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It all started with a film

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It was a Maniratnam film that kick started a fascinating movie marathon ending with a Roman Holiday

‘Iddaru’ (Iruvar, originally in Tamil) was being shown on one of the recent Sundays on Maa TV. Being a sucker for biographical/historical films, I watched it yet again, from the titles onwards till the last scene with such diligence, much to the consternation of the family that it stayed in my thoughts through the day. And, I ended up reflecting on the dramatic political developments in Tamil Nadu that led to the on-screen sensation MG Ramachandran entering politics and how he became the undisputed political king. My thoughts shifted to Jayalalitha, the current CM, who is today, the most powerful person in Tamil Nadu. From a very young actor who went on to become the top actress, to getting into the good books and life of MGR, the ensuing drama, the let down and the insults that followed, the struggle and the destiny making her a larger than life persona.


One thing led to the other, and before I knew it, I was reading whatever I could get on the MGR-Jayalalitha story. I also watched a wonderful interview that Simi Garewal did of Jayalalitha, the CM, one of the best interviews of hers, I would say. On deeper exploration, courtesy Google, I came across the MGR-Jayalalitha starrer ‘Chandrodayam’ on YouTube and ended up watching the whole movie. Lo and behold, it turned out to be the evergreen story of a runaway princess falling in love with a journalist – evergreen because there have been few other films with similar story line and each one was a big success in its own way.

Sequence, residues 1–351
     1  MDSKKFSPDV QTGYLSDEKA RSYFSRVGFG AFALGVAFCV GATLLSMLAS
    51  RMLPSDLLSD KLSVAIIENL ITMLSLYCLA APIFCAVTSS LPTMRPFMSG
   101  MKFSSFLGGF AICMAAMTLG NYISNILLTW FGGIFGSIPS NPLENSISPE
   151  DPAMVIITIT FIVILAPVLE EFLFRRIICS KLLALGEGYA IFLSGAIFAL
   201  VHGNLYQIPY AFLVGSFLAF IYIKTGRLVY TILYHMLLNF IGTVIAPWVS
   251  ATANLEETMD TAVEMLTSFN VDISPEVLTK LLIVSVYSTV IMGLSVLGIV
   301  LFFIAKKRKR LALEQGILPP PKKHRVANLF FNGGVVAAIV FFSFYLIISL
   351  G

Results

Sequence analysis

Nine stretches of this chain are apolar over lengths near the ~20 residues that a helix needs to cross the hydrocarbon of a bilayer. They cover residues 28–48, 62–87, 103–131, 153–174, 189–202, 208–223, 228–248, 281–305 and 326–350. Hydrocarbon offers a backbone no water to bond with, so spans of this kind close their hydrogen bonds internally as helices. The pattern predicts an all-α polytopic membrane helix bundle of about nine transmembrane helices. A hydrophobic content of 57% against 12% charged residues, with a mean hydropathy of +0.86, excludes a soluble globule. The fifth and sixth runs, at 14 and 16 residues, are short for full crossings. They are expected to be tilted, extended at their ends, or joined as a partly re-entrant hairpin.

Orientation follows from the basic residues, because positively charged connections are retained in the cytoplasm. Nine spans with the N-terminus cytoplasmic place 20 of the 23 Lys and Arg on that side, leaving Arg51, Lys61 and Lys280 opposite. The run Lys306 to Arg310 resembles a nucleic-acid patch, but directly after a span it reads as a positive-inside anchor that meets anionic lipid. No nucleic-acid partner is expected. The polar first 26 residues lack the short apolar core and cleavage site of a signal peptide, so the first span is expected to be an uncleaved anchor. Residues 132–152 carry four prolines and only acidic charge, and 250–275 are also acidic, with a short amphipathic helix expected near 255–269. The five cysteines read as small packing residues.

The Tamil one too was a huge success of its time that in addition to the hit lead pair had legendary actors like MR Radha, MN Nambiar, Nagesh and Manorama. The film was directed by K Shankar who has to his credit many Telugu (‘Bhookailas’) and Tamil films and the music by MS Viswanathan was a big hit too; songs like “Engiruntho aasaigal” and the title song – “Chandrodayam” continue to haunt movie buffs even today. The story line, apart from the changes made in order to cater to the regional audience, is strikingly similar to the original Hollywood film, ‘Roman Holiday’. And, the sweet and cute Jayalalitha, in her heydays, was nothing less than the effervescent Audrey Hepburn, the dream lady of English cinema. If you ignore the obnoxious wig as the unavoidable ill that one had to endure in south Indian cinema during the 50s, you will fall in love with her as Zamindar’s daughter, Devi. MGR is his usual good, noble young man self, also giving out a good word or two when opportunity rises. The film towards the end does get a little tiring, but that may also be because you are the 2k version of film audience and ‘Chandrodayam’ was made for a different generation (1966) all together.


On the other hand is the English film, ‘Roman Holiday’ directed by William Wyler that had Audrey Hepburn (her first film) and one of the suave-est of Hollywood actors Gregory Peck as the lead pair that was made in 1953. It has such tight screenplay that takes you from one engaging scene to the other and ends a little less than two hours with the hero, a simple journalist going his way leaving the princess to her busy royal life.

By now I am so over-fed with Indian versions that, at a couple of instances in the film, I actually hoped Peck and Audrey would jive to a nice lively number. By the way, the Indian adaptations all had the hero living happily ever after with his lady unlike the original.

Dil Hai Ki Manta Nahi

Among the many inspirations is also a Dev Anand and Waheeda Rehman starrer ‘Solva Saal’ – How can we forget the memorable Mohammed Rafi number, ‘Hai Apna Dil Tho Awara’ from the film. Later in the 90s came the Mahesh Bhatt creation or shall we say – re-creation, ‘Dil Hai Ki Manta Nahi’ with his daughter Pooja Bhatt and Aamir Khan in the lead – the same story, Bollywood ishtyle – and a lot of memorable songs thrown in. It has always been good music, lovable actors and good production team employed to recycle the familiar story to make it a hit in every decade, again and again, in one language after the other.


Rendezvous with Simi Garewal



Clips from Roman Holiday

Solva Saal


Dil Hai ki Manta Nahi





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